The vast majority travelled to Poland (3.6 million), while Romania has seen the second-largest influx with close to a million refugees arriving in the country. Of the people who left Ukraine, only about 9% of the arriving refugees decided to stay. The country has been generally welcoming to Ukrainian refugees.
Non-implementation of court judgments
An April 2022, a report by the European Implementation Network (EIN) and Democracy Reporting International (DRI) found that Romania has one of the worst judgment implementation records of the European Court of Human Rights (ECtHR) and the Court of Justice of the European Union (CJEU). Authorities EU-wide have failed to implement 37.5% of the ECtHR judgments from the last ten years. According to the report, 57% of the leading judgments handed down by the ECtHR against Romania over the past ten years are still not fully implemented. Georgiana Gheorghe, Executive Director of the Association for the Defence of Human Rights in Romania - the Helsinki Committee (APADOR-CH) said:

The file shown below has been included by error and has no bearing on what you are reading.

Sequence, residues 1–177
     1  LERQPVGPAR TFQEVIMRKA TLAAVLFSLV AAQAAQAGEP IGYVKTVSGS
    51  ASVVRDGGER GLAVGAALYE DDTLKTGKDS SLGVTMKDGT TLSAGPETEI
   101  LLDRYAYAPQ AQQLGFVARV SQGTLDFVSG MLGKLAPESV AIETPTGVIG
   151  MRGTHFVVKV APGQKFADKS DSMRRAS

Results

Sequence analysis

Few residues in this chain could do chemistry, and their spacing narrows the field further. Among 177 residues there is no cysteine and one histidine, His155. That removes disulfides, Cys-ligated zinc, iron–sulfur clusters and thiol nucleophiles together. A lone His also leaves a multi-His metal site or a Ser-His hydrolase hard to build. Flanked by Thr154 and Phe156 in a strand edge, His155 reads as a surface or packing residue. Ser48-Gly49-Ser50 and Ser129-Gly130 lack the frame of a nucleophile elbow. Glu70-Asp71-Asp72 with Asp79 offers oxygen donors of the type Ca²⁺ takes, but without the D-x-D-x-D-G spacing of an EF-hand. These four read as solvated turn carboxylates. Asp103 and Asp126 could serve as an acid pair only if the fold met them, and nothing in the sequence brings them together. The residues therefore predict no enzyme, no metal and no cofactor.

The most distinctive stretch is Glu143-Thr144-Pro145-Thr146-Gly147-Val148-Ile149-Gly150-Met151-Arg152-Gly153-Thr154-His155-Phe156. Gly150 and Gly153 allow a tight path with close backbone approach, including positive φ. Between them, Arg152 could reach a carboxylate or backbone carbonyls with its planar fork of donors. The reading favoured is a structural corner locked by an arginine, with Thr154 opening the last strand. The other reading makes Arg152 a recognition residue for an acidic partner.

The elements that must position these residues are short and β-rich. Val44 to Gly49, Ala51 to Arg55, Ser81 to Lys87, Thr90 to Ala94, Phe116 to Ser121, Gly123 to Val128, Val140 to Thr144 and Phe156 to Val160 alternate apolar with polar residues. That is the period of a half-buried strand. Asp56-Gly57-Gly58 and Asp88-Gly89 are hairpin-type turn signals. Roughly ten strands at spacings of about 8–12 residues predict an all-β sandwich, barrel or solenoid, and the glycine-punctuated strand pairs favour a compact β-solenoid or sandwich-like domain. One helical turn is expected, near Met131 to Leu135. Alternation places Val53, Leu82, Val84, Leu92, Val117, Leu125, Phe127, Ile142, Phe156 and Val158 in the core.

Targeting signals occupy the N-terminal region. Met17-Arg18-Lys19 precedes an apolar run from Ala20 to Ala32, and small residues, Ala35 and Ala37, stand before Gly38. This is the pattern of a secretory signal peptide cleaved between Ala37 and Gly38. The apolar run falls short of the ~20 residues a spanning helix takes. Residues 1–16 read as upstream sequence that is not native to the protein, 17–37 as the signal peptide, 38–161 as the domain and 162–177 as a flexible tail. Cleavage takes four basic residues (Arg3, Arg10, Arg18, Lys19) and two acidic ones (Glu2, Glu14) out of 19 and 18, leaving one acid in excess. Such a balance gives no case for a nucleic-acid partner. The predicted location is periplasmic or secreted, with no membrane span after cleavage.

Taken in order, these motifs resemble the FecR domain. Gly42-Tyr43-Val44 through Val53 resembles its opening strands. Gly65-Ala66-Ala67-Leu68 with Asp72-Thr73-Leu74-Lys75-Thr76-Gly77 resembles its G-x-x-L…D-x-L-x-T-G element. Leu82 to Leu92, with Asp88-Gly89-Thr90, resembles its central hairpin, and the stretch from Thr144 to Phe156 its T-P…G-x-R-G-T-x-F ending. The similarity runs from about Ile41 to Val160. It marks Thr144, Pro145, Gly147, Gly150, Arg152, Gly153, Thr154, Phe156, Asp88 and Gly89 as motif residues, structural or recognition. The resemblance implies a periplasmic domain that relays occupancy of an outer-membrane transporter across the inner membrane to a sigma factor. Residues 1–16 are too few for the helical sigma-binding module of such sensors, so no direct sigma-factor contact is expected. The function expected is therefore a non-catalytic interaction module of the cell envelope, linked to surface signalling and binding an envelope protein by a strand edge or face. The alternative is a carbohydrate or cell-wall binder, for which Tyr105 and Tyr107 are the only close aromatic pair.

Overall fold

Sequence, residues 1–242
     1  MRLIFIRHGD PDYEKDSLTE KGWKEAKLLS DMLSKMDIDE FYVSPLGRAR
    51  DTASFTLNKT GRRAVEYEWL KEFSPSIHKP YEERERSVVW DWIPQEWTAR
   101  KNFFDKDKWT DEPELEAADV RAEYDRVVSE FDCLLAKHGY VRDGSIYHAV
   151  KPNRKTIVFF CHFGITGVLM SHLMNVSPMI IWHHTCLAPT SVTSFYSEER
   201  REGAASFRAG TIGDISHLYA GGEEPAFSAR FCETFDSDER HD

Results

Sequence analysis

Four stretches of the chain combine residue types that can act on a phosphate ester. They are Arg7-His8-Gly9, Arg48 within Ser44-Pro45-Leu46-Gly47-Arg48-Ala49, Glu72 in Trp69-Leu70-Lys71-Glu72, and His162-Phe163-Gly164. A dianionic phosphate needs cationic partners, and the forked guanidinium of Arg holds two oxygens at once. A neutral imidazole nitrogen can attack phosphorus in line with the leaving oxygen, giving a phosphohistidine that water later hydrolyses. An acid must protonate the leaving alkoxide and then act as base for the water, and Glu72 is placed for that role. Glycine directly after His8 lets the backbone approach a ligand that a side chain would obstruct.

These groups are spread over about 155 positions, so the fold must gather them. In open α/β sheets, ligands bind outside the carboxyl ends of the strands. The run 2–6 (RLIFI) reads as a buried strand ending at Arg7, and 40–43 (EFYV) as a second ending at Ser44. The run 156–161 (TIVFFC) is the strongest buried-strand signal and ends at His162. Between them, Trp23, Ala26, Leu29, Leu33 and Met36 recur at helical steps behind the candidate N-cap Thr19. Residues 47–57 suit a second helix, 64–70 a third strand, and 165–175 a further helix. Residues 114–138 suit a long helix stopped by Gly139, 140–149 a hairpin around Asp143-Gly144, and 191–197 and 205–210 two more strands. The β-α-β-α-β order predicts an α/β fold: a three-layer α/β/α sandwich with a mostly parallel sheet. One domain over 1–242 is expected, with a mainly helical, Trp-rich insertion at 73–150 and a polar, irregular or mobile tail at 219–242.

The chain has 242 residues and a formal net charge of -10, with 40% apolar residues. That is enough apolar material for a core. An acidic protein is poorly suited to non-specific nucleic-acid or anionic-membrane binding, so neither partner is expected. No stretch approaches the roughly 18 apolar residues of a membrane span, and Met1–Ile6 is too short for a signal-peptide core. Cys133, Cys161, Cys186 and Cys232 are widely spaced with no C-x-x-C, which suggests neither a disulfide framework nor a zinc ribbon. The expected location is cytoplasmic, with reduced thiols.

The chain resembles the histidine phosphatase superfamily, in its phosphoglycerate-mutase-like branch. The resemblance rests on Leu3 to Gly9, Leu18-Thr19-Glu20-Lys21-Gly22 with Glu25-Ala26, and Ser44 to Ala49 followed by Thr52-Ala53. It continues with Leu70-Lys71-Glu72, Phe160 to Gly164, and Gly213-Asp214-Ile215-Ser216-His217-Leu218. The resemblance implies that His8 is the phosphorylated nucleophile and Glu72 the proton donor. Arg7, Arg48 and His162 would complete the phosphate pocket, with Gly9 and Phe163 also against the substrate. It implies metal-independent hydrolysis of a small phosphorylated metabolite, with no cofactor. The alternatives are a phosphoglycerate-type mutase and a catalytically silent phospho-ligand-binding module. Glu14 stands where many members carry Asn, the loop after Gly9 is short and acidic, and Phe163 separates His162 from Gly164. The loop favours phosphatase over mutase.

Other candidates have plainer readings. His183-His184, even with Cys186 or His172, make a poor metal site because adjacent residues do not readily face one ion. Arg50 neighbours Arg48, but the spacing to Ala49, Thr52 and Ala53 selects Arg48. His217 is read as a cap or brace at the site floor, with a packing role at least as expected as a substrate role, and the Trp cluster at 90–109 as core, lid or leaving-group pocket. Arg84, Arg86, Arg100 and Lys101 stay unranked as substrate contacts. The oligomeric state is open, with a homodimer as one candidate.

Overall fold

“Twenty-eight years after the ratification of the European Convention for Human Rights, it’s time we start by recognising openly that we do have a problem with the implementation of important ECtHR judgments which highlight systemic human rights violations. And we have to inquire why. We need to better explain to people - whose hopes for their rights lie with the European Court primarily (and not with the state! )- what implementation means, how it can be done to avoid future violations of rights and how each one of us can be part of the process, be it as organised civil society or mere citizens.”